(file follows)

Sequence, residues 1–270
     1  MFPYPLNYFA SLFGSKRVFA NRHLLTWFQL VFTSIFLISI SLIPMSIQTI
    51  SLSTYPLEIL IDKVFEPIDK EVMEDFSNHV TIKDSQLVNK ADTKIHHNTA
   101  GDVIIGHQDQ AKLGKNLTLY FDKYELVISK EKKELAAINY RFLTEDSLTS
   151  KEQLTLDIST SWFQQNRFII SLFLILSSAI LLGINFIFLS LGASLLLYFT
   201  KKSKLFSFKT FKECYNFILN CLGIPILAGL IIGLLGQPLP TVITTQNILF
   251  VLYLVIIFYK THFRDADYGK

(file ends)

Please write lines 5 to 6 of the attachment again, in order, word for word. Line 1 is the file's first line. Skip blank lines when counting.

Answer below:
   151  KEQLTLDIST SWFQQNRFII SLFLILSSAI LLGINFIFLS LGASLLLYFT
   201  KKSKLFSFKT FKECYNFILN CLGIPILAGL IIGLLGQPLP TVITTQNILF